Wikipedia, the people's encylopedia, has trousered a $3m donation from the Alfred P. Sloan Foundation, to be paid in equal chunks over three years. Which is nice. Even nicer, the money hails from a charity, and not from philanthropic venture capitalists, who may or may not have commercial designs upon Wikipedia's ads-unsullied pages.
Wikipedia is the world's eighth biggest website, but it has a measly 15 full-time employees, up from last year's even more measly 10. It will use the Sloan cash to fund quality improvements and to up staff levels to 25 people.
As Sue Gardner, executive director of the non-profit Wikimedia Foundation, notes, Wikipedia has been "operating on a shoestring: unable to pursue partnerships, execute projects, or even to effectively fundraise. This institutional support from Sloan will enable us to make progress on some key goals: increasing quality, broadening participation, and distributing free knowledge to people without Internet connectivity."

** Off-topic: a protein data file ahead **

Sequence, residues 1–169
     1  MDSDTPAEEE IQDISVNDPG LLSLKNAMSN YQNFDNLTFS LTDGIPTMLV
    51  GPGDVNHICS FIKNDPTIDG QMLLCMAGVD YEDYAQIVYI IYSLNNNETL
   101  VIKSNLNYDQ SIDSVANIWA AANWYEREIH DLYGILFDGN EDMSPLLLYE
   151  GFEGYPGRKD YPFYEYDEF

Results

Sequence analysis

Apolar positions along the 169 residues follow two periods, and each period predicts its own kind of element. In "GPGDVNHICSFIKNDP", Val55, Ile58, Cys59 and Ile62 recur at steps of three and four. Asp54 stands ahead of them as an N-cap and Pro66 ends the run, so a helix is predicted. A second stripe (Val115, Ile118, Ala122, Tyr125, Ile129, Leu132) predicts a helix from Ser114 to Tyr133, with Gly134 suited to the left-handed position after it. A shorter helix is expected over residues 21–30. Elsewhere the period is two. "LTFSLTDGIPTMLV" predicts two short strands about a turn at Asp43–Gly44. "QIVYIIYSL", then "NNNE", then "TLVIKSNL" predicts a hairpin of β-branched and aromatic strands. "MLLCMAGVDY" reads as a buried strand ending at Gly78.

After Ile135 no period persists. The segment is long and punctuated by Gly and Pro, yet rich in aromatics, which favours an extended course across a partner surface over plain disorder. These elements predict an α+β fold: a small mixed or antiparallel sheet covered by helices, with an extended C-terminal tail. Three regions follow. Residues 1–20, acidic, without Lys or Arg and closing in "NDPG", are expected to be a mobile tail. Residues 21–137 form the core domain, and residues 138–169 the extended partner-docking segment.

Now for Doron Weber of Sloan: "We are delighted to support the Wikimedia Foundation and to help develop its organizational capacity and improve the quality of its flagship, Wikipedia...Wikipedia represents a quantum leap in collecting human knowledge from diverse sources, organizing it without commercial or other bias, and making it freely available to people everywhere.”
Doron's notion of bias differs from ours, but Wikipedia has been short of good news lately - check out the related stories below. On such a day it would be churlish of us to quibble. Let us instead offer our congratulations.
This way for the press release. ®